I’ve decided, I like the way my hands look with climbing chalk in my fingernails.
I think it’s true what they say, hands do say a lot about a person. My hands are stocky, but very adept, strong, and hard-working extremities. I have a very firm handshake. Working with horses as a kid, bucking hay, and generally being a tomboy, gave me a strong grip that suited my stubby fingers. At that stage of my life it was usually dust and dander picked up brushing out a horse that found its way onto my cuticles and under my fingernails.
That just looked dirty and I was usually embarrassed if I was caught that way outside of the barn.
As I transitioned away from horses and into bicycling livestock dirt gave way to bicycle grease. I love using my hands to fix things, put things together, and make them work. In the community of bike shop employees greasy fingers are fairly well-accepted (although I used to know an amazing mechanic who NEVER had grease on his hands).
Outside the shop, bike-greasy fingernails just look dirty. I will still scrub my fingers raw just to remove stubborn grease before facing friends or the public.
Oh, but the climbing chalk, I like the way it looks. I’m not embarrassed by its presence. I rarely wash it off before I head home from my short bouldering forays. I suppose if you don’t know what it is, and you see me before I brush it all off, you wonder what I’ve been into to dry out my hands so. But, you know what? I don’t care.
This dirt, this white, soft, dusty layer of stuff, makes me too happy to care. Besides, I really do like the way my hands look dusted with the chalky powder. It helps me to embrace my strong, stubby fingers, rather than rueing them, by emphasizing their character in a way that barn grunge and bike grease can not.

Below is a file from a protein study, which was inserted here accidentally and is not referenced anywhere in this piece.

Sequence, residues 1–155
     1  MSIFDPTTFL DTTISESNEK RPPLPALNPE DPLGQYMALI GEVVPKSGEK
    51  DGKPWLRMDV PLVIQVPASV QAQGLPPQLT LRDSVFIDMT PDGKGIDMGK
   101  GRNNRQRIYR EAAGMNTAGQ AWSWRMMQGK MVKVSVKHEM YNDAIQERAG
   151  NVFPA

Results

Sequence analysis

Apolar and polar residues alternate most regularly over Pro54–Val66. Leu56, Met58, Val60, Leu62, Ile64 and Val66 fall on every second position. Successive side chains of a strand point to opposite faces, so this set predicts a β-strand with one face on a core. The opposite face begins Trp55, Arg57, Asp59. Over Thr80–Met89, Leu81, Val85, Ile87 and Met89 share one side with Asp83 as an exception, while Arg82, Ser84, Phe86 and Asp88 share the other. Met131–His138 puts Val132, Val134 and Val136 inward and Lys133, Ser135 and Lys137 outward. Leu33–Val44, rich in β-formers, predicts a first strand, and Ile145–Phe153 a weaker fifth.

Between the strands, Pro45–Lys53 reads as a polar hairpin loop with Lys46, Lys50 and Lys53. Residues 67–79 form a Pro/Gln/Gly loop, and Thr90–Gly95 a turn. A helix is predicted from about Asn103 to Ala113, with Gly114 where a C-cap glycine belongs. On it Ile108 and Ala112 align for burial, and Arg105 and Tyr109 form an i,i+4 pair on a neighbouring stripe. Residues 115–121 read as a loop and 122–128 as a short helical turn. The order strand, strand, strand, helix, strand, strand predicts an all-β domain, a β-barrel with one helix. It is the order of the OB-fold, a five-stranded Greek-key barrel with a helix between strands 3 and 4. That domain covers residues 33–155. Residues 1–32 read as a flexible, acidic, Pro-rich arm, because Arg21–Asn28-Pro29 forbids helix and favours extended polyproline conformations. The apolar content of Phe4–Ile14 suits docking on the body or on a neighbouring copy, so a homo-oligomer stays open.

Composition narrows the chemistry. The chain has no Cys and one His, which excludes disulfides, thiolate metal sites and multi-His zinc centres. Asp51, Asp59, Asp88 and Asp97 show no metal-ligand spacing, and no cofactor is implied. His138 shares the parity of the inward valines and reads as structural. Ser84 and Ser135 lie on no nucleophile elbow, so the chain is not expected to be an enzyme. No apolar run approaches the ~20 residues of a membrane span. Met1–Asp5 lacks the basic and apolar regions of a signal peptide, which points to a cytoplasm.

Still girly in some ways, but not willing to fit a mold any more, I believe it’s time for me to learn to love what and who I am and that means not giving a care about having “beautiful” hands with manicured fingernails. Something that, expect for a brief couple of years in college, never fit my personality or lifestyle anyway.
Too, the chalk is a symbol for me; a symbol of listening to myself. Some time before my 50th Birthday, I started thinking about learning to climb. It took nearly a year, and a random prod from a friend to get me started. Even after my first stab at climbing, it took another couple of months to really dive in. Now, after feeling on the verge of obsessed with the activity, I understand why “I” was telling me to go.
“I” knew how good it would be for me. How did “I” know? I don’t know. But “I” was right, and I was right to listen (even though it took a while).
So why is this chalky existence so important, why do I find bouldering so much fun?
- I’m learning something new – bouldering routes are called puzzles for a reason. Learning to figure out how to solve these puzzles puts me into the moment just as creating art can. This bouldering thing has been a wonderful distraction. Gotta love that!
- I’m doing something physical – moving, sweating, even panting like I haven’t done since before my accident.
- I’m pushing my whole body – as a serious cyclist and skier my legs have had most of the past attention during athletic endeavors and it feels good to be spreading the attention to other parts of my body.
- My hands and shoulder are involved. I still have some residual stiffness, pain, and weakness in both my shoulder and right hand, from my accident three years ago. Clinging to and gripping rocks (faux rocks at the climbing gym) feels like the last bit of physical therapy I need to do to get back full use of these body parts.
- I can explore vertical habitats. On my first outdoor bouldering attempt I found it hard to concentrate on the hand and foot holds as I kept discovering interesting plants in the rock cracks and on tiny ledges. Most memorable was a wild strawberry situated on what was a good grip for my right hand. I expected ferns and sedums but not strawberry! Many outdoor bouldering spots are cleaned up a bit but this one had little plant surprises along with the puzzle of the route. I love that and look forward to discovering what else might be in store. I do think this will help me with reason #6, and compel me to go just…a…little…bit…higher.
- At some point I’ll have to face one of my biggest fears: heights. Crazy huh, someone with an innate fear of heights is learning to climb. So far, I have been very happy to work on short and traverse routes…but that is changing. I’m trying to improve and learning to push through my fear in order to achieve my goals. Since “I” is determined to do this, I know that’s part of why I’m picking up this pastime.
So here’s to chalky hands and new hobbies. High FIVE to bouldering!